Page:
Five Behaviors Shackle Investment Strategy

Published September 26, 2011

| Bankrate.com

Behavior that stymies financial growth

Many investors have the potential to fulfill their financial destiny. But certain behaviors can slow or completely stymie their financial growth.

Here are a few behavioral issues to avoid if you want to stay on top of your investment strategy.
Inertia in investing

Inactivity can prove detrimental to your personal finances, and it could result from the fear of investors to take on risk or a fear of failure.

Evan Kessler, Certified Financial Planner and founder of ESK Capital Management LLC in New York, says one major problem with many clients is the tendency to take on too much risk or not enough.

"Many of my retired clients who were frightened by the large market drop of 2008 are now sitting with portfolios that contain too much cash and/or bonds," he says. He warns that the effects of inflation and taxes will prevent these investors from reaching their retirement goals.
"Although they are not taking equity market risk, they still risk running out of money," Kessler says.

Following the herd

Following the latest investing fad and ignoring your specific goals can take you off the right course to fulfill your investment strategy and lifestyle needs.

David Krueger, author of "The Secret Language of Money," says that herd mentality, defined as the altered state of mind induced by the emotion of group momentum, is what happens when an individual investor abandons an investment plan in order to follow others in his or her peer group. Krueger says the emotional contagion can be due to -- and prolong -- a market bubble such as the Internet tech bubble of the late 1990s. It can cause emotional reaction in the opposite direction, such as the market crashes of 1929 and 2008.

According to Krueger, people make mistakes because they don't have a plan or don't stick to it when emotions run high.

"When herd mentality prevails, the emotion of the right brain holds sway over the logical and reasoned left brain, even at times seizing and holding it hostage," Krueger says. "Greed, emotional contagion and peer pressure trump logic."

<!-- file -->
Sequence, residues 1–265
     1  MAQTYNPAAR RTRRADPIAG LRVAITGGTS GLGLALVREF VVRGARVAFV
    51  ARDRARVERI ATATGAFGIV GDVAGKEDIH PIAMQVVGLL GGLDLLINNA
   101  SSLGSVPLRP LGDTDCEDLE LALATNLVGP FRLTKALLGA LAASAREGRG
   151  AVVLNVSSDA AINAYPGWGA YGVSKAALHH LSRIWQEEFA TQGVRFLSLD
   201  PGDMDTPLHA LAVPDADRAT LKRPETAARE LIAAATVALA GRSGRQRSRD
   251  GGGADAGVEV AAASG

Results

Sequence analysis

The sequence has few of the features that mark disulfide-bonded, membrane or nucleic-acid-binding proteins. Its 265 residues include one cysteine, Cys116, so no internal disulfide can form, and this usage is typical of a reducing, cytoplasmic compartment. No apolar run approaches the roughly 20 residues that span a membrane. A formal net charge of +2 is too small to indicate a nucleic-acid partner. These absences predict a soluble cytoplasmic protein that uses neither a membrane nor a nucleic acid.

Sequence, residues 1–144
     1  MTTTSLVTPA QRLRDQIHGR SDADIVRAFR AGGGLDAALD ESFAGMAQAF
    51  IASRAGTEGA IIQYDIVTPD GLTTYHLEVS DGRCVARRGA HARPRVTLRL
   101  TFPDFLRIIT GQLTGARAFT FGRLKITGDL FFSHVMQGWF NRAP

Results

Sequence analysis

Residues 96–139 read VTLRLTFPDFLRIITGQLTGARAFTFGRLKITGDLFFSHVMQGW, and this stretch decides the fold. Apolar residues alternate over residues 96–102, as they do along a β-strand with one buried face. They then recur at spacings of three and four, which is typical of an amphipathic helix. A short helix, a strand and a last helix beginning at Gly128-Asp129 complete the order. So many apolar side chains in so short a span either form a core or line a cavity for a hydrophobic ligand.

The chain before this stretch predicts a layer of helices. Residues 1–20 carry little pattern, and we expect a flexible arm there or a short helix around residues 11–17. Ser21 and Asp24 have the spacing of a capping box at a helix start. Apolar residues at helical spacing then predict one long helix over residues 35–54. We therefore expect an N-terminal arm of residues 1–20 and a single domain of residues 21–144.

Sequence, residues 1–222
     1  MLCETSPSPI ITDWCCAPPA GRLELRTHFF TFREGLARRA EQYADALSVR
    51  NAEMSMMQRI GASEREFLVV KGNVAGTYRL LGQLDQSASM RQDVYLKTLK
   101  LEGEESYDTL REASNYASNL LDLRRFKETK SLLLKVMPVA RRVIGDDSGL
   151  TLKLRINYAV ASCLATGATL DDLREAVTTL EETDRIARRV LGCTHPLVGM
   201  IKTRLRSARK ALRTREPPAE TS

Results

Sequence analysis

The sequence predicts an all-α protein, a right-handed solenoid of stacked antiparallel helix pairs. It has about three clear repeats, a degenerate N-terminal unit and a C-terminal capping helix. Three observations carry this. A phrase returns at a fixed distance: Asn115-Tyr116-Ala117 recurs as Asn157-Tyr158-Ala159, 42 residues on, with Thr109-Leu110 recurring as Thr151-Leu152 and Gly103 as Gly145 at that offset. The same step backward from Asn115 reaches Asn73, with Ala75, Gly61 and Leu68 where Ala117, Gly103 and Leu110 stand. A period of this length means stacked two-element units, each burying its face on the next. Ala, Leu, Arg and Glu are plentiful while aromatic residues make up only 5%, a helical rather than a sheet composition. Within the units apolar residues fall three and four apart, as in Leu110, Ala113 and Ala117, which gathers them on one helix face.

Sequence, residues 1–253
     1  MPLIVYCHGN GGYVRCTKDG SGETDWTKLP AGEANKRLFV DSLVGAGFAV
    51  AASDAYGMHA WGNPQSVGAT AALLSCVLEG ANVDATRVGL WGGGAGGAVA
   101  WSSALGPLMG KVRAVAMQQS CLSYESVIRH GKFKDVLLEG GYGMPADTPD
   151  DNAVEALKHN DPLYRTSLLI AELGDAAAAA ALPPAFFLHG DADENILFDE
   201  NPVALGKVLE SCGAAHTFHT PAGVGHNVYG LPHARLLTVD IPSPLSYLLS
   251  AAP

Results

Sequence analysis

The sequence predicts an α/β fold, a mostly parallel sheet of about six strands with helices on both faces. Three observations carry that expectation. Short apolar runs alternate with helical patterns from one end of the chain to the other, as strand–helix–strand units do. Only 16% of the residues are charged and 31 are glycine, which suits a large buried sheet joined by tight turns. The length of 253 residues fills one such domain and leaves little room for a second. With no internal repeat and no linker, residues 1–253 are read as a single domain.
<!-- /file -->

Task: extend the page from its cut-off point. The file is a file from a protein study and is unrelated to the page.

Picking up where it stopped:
Overanalyzing investments

Spending an extraneous amount of time analyzing financial paperwork can have negative repercussions.

Krueger says he knew an investor who pored over investment data to choose the most lucrative stocks and bonds, but he couldn't bring himself to buy. In 20 years, he failed to make any equity investments, instead stuffing his money in a low-yielding savings account.

"In other words, he had a great plan but failed to act on it. No matter how wonderful the plan, if it remains a theory it doesn't work," Krueger says.

The best financial decisions come from a balanced decision-making process and a sound strategy for vetting investments. With those two components working in sync, an investor can gather information, assess it and make an informed decision to fulfill his or her plan's goals, Krueger says.

Financial paralysis

Kim McGrigg, spokeswoman for Money Management International, a credit counseling firm in Sugar Land, Texas, says the sheer volume of financial information available today can make decision-making seem overwhelming. According to the book, "Paradox of Choice" by Barry Schwartz, Americans are often so overwhelmed by choices that many become paralyzed when making decisions and conclude the best decision is to not make one at all.

"The irony is that not making a decision can have consequences, too. Ideally, you want your money to work for you, and it can't do that if you don't tell it what to do," McGrigg says.
"Consumers shouldn't allow the volume of complex financial news that they are bombarded with on a daily basis to overwhelm them. They should stay focused on what is most important to them," McGrigg says.

While we have more choices, and the choices are more complex, the basic rules still apply. "Paying your bills on time and investing for your financial future are always smart financial decisions," she says.

Basing investments on initial research

Anchoring, or the tendency of investors to place undue weight to an initial finding, could lead to bad investment decisions, and ultimately cause you to miss an opportunity to get the most from your investment strategy for lack of knowledge.

"It is important for your financial plan to be flexible and realistic. This is difficult to do if you take a myopic approach," McGrigg says. "In this situation, you might want to hire a trusted financial planner to help you understand all of your options."

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http://www.foxbusiness.com/personal-finance/2011/06/14/5-behaviors-shackle-investment-strategy/